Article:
Beyond the Bison: The ride

Julian Dorey, Senior Writer

It feels weird sitting down to write this “Beyond the Bison” column for the final time.

Frankly, I wasn’t sure what route I should go with this. I thought that maybe I should just close it off with another weekly take on a national sports story (which is what the “Beyond the Bison” column calls for, after all).  But in the end, I thought it would be cool to take you, my readers, behind the scenes of what has truly been my privilege to write for this paper throughout the past four years.

Before I came to the University, I was just a die-hard, Philadelphia sports fan from South Jersey (now that I got my foot out the door, I think it’s reasonable to finally give that away). Growing up, I was pretty small and stocky (somehow I eventually “grew up”)–so watching and analyzing physical sports like football and basketball were about the closest I could come to truly living them (at least baseball, soccer, and golf were there to fill the void). From a young age, my friends and classmates always jokingly referred to me as “Mr. ESPN.”

I always had an opinion, I guess.

By the time I was finishing middle school, I realized that I also had a passion for writing. Since I was young enough to read, I have loved to read sports columns. So many of the writers whose articles I read religiously simply “spit fire” every day in pieces that were often in the 500-1,000 word range. To me, that took both a special kind of style and magic.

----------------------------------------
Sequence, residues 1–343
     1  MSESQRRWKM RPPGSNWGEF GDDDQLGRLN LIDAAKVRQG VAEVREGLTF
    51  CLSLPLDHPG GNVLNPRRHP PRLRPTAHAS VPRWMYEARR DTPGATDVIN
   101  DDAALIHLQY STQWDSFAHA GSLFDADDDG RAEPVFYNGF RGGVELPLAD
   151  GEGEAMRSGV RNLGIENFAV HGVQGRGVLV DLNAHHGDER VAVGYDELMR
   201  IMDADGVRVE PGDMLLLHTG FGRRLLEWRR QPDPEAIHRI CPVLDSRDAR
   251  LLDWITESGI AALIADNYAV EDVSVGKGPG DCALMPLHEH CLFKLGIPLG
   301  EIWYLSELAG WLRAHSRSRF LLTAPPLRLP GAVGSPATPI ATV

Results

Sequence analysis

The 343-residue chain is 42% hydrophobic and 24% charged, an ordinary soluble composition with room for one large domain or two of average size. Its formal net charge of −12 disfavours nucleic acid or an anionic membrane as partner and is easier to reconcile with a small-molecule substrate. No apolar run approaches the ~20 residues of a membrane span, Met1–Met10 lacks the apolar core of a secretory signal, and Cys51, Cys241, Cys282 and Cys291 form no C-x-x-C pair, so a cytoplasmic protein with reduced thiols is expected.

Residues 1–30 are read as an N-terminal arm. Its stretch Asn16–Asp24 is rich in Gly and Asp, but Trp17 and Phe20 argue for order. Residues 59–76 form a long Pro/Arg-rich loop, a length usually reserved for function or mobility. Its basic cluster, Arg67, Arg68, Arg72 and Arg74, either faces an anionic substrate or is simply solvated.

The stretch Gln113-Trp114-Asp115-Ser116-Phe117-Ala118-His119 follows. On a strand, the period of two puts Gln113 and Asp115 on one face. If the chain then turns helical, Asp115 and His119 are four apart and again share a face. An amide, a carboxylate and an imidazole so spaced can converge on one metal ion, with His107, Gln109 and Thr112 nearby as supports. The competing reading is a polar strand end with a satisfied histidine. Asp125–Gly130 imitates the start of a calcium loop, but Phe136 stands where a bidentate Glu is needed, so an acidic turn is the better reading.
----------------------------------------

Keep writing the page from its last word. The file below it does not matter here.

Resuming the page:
Guys from the Philadelphia Inquirer like Bill Lyons, Phil Jasner, Stan Hochman, and Stephen A. Smith (yes–the same Stephen A. Smith who has since seemingly sold his soul and intellect to our modern day reactionary media machine. Believe it or not, there was a day when he was just a tremendous writer without a major profile or ego), literally had the ability to change my entire approach to the latest news through their written opinion. They exemplified a source of art at its highest form.

So, when I started high school in the fall of 2007, I decided to try my hand in their line of business when I became the national sports columnist for our humble student paper. I started off a little flat, I’m sure, but the more I practiced it, the smoother I got. By the time I graduated, I was sure that this was a craft I wanted to continue developing in college.

After all the orientation hoopla subsided and I settled into my first week of classes here in Lewisburg, the first organization I sought to become a part of was The Bucknellian. I vividly remember emailing the editor-in-chief and asking if I could write a national sports column for the paper. Truthfully, I hadn’t even picked up an old copy yet.

I had no idea what it looked like, what sections it had, how many articles were in it–nothing.